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Barbara Sheehan talks exclusively to PIX11 about heading to prison despite being acquitted of husband’s slay

Posted at 7:09 PM, Jun 21, 2013
and last updated 2013-06-21 19:12:34-04

NEW YORK (PIX11) — Despite being found not guilty after she fatally shot her ex-cop husband, Barbara Sheehan was sent off to prison on Friday.  Before turning herself in to serve her five-year sentence, she spoke exclusively with PIX11 News about the prospect of being locked up for half a decade, and warned that her fate could happen to anyone.

“The city of New York is not in any safer hands because I’m in jail tonight,” Sheehan said, minutes before walking into the Queens Supreme Court building.  She was surrounded by her family as she headed toward the complex on Queens Boulevard.  Before entering, though, she spoke about the conviction that still has some legal experts puzzled.

“It makes absolutely no sense,” she said.  “[I was] acquitted of the crime, but found guilty on what I used to commit the crime that I was acquitted of doing, which was not a crime.  It was self defense.”

She was referring to her acquittal a year-and-a-half ago for the February 2008 fatal shooting of her husband, Raymond Sheehan.  He was a retired NYPD sergeant, who, according to his wife and children, was increasingly physically violent with his wife over the course of their 24-year marriage, and had on numerous occasions threatened to kill her.

She testified that she was in fear for her life when she shot her husband with two of his guns, and a jury sided with her in October 2011. However, they convicted her for criminal possession of a weapon for using the second gun.  She could have gotten a lesser sentence, but the judge, Barry Kron, said no.

“To give me five years for it, I’ve never gotten a speeding ticket,” said Sheehan.  “But it’s okay, because I’m going to go [voluntarily].”

But she wiped away tears when asked how she felt personally about the judge’s ruling.  “What do I feel?” she asked.  “I really don’t know if I should say what I really feel,” she added, attempting to dodge controversy.  “But apparently he didn’t like me too much, and I don’t know why.”

When pressed further to express her true feelings about the sentence Judge Kron had handed down, Sheehan responded, “I’m a Christian. I’m a Catholic, and I have to forgive. So I don’t really want to say.”

Sheehan entered the courtroom Friday morning with her family and attorney, but she never emerged.  Instead, court officers led her off to jail, where she was granted protective custody by the judge.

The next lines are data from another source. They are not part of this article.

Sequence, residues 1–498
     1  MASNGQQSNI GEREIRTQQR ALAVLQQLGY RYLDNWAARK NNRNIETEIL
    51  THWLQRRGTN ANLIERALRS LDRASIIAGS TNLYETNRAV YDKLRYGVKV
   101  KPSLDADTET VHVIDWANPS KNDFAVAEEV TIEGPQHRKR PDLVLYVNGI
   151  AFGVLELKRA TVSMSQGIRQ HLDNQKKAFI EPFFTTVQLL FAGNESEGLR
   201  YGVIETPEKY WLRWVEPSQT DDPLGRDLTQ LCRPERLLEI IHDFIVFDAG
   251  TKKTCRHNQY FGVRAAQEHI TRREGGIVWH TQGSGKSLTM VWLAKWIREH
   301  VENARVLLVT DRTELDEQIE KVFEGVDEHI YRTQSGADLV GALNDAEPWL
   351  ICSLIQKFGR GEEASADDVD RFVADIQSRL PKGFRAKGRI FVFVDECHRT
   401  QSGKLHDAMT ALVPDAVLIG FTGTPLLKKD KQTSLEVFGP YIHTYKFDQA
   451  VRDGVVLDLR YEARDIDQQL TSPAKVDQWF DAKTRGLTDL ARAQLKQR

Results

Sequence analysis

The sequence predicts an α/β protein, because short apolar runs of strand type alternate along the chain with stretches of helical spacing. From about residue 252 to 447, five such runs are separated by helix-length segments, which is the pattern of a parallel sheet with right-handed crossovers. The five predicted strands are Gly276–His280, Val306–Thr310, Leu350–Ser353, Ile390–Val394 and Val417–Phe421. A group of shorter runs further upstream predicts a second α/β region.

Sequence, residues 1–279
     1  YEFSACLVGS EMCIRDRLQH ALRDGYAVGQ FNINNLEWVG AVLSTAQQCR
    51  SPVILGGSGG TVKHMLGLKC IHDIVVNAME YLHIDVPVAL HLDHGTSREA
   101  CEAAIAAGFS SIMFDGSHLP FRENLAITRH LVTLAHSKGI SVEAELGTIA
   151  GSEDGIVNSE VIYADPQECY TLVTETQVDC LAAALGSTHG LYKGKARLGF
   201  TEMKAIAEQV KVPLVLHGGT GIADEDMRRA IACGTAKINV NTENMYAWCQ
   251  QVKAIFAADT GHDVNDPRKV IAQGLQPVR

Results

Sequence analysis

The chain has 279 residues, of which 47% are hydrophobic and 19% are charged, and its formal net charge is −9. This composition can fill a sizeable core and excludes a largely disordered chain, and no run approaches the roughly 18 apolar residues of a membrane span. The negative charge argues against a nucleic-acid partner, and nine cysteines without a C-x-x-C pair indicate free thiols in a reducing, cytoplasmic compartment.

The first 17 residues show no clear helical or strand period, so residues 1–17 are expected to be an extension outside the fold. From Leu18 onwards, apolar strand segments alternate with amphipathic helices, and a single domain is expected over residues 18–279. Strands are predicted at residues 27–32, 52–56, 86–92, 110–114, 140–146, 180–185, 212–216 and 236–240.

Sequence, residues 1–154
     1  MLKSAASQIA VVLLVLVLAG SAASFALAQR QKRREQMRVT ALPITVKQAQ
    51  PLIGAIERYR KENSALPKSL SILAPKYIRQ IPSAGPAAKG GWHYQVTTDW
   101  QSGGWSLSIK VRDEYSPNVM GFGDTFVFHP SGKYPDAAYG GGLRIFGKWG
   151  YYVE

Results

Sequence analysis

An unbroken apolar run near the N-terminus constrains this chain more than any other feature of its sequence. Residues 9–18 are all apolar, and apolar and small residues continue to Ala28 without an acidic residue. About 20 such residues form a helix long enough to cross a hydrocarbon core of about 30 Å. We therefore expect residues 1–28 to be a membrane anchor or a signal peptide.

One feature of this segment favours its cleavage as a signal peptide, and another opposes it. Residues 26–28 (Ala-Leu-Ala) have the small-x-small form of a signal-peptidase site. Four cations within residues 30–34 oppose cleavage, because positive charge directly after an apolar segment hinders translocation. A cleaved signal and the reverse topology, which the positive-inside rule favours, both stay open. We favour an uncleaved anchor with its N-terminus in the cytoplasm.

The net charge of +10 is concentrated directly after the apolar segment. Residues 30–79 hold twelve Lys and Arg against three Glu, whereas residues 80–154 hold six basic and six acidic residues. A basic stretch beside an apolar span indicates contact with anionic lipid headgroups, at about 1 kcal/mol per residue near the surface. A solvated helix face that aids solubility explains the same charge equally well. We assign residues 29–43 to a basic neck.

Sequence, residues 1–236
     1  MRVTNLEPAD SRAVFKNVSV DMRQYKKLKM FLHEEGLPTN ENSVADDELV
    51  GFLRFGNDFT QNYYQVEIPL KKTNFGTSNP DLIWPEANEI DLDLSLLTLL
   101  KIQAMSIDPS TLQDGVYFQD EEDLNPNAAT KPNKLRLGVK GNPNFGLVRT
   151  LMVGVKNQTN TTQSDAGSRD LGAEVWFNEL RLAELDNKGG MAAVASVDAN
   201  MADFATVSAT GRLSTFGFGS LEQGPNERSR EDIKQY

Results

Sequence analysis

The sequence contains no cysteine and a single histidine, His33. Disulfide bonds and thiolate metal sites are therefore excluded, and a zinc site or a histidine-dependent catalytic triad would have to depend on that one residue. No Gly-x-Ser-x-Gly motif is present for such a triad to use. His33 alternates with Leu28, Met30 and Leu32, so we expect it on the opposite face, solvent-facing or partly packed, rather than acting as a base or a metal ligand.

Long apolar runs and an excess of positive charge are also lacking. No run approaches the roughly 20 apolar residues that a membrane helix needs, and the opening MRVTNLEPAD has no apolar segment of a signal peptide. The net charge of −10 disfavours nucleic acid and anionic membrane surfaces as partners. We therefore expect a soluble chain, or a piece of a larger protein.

Before the proceeding, she told PIX11 about positive things she hopes to do behind bars.  “I’m working for a domestic violence organization, which actually gives me satisfaction to see these little children getting the help they need from the social workers, and that’s actually what I want to get my [master’s] degree in while I’m in jail.”

In the courtroom, as officers handcuffed Sheehan to take her away to begin her sentence, her family members shouted from the gallery sentiments that Sheehan’s many supporters had said during her murder trial — that she is a hero for taking the self-defensive action that she did, and for accepting its consequences.  But in her PIX11 interview, Sheehan played down the admiration.

“I’m not a hero.  I don’t consider myself a hero,” she said.  “I consider myself [to be] someone that defended herself.”

And she added this warning:  “I defended myself with a legal weapon in my own house, and I’m going to jail.  It can happen to anyone.  It can happen to anyone’s family member. So you’ve got to watch out.”

Sheehan said that her appeals attorney told her that with credit for good behavior and time served, she is likely to be out of prison within three-and-a-half years.  That same lawyer is carrying her case to a higher court.

Sheehan’s lower level court attorney, Niall MacGiollabhui, told PIX11 News that he is confident that, on appeal, Sheehan’s conviction will either be overturned, or her sentence reduced.

In the meantime, however, Barbara Sheehan is headed to a women’s prison in Upstate New York. “It’s an emotional moment,” she said, “but I’m ready and prepared to go.  I’m ready because… this is what God wants.  I’m on some kind of path, some kind of journey, and whatever it is, whatever it is, I’m going to do it.”